Daley v. Lacroix Sup. Ct. Of Mich.,

384 Mich. 4 (1970)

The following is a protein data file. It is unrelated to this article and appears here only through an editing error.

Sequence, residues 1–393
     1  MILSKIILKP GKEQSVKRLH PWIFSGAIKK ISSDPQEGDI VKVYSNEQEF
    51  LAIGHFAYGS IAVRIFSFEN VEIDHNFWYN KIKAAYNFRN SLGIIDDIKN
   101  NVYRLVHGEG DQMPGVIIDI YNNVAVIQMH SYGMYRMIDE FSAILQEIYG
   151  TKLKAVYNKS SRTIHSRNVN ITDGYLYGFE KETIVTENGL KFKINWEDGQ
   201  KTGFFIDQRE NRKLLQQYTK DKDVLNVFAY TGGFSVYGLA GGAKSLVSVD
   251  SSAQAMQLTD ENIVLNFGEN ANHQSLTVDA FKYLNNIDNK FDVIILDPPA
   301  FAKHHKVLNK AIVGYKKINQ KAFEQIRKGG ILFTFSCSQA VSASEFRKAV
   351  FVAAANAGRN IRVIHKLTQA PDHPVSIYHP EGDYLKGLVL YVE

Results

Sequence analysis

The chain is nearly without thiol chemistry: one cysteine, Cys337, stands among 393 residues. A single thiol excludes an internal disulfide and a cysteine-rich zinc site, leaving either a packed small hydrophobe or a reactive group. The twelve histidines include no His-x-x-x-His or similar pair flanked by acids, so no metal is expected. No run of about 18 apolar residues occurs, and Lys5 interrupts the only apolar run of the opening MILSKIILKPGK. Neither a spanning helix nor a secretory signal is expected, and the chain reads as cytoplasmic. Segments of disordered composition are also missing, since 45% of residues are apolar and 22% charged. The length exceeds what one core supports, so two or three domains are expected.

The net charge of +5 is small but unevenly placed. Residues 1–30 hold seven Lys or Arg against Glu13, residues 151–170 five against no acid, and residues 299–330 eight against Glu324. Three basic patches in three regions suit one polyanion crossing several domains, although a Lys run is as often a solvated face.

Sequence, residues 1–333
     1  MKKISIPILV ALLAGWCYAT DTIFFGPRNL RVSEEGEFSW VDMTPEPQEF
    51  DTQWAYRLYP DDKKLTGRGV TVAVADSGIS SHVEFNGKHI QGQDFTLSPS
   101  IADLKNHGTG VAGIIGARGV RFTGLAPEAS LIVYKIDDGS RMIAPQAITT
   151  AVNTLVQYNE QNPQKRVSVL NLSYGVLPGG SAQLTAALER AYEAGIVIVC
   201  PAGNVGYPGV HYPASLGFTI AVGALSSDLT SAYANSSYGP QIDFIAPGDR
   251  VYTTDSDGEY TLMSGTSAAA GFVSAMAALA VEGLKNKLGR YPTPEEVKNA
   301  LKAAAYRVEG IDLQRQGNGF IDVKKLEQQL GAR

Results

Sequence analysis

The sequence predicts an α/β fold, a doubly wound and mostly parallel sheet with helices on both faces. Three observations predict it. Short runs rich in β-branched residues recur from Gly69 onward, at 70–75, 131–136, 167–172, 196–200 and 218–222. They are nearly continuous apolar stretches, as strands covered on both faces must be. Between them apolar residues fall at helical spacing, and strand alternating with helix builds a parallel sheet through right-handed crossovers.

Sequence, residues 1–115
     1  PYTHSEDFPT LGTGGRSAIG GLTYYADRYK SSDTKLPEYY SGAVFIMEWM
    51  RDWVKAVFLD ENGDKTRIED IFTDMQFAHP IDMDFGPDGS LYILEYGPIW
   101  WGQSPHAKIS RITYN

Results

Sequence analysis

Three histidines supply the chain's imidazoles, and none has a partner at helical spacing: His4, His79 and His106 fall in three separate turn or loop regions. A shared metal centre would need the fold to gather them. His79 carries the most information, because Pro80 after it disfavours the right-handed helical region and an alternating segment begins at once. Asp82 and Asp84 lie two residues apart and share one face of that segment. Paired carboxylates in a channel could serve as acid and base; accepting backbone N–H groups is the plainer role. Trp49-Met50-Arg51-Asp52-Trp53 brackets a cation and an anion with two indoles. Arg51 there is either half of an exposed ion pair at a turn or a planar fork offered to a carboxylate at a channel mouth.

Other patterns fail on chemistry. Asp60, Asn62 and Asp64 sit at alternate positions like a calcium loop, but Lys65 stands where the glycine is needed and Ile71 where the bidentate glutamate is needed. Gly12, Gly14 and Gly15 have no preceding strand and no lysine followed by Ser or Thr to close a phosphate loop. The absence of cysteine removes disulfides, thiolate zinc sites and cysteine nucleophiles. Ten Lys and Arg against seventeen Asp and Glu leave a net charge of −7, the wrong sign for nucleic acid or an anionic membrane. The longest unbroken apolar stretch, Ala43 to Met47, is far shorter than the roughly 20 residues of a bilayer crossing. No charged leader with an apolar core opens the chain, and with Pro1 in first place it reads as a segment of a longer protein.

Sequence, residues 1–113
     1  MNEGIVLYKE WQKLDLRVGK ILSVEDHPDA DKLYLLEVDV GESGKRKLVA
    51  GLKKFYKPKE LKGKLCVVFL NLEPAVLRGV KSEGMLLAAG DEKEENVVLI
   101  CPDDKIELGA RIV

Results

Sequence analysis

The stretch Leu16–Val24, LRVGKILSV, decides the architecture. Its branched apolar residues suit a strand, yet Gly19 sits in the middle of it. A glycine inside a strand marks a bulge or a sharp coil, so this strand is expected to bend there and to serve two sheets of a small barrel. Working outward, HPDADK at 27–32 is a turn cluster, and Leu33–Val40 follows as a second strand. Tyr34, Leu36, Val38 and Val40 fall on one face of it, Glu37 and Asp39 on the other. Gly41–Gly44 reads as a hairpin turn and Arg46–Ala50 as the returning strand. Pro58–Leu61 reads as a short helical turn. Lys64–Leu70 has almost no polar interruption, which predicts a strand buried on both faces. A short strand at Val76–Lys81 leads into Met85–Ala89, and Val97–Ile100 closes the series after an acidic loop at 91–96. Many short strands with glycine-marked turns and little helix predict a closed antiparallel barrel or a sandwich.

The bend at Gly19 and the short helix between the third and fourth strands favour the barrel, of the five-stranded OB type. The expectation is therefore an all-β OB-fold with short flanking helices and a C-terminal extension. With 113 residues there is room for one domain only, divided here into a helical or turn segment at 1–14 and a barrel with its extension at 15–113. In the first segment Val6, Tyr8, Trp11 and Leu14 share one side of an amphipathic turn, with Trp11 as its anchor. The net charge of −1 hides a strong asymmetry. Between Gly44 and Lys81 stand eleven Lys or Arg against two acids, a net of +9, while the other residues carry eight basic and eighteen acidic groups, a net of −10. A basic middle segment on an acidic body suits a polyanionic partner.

D was traveling on a road near Ps' farm. D's vehicle left the highway, traveled 63 feet in the air and 209 feet beyond the edge of the road and, in the process, sheared off a utility pole. A number of high voltage lines snapped, striking the electrical lines leading into Ps' house and caused a great electrical explosion resulting in considerable property damage. D's car damaged Daley's (P) property, but there was no physical impact from the crash on either Estelle Daley (P1) or her son Timothy (P2). P's sued and claimed property damage and severe emotional disturbance from D's negligent driving. P1 claimed that she suffered traumatic neurosis, emotional disturbance, and nervous upset and that P2 suffered emotional disturbance and nervousness as a result of the explosion and the attendant circumstances. At the conclusion of Ps' proofs, D moved for a directed a verdict against P2 in that no proper evidence of a personal injury to him had been presented, and against P1 in that she had failed to prove a causal relationship between the accident and her claimed personal injury. The jury returned a judgment for property damages only in the amount of $2,015.20. The Court of Appeals affirmed; the law of Michigan denies recovery for negligently caused emotional disturbance absent a showing of physical impact. P1 and P2 appealed.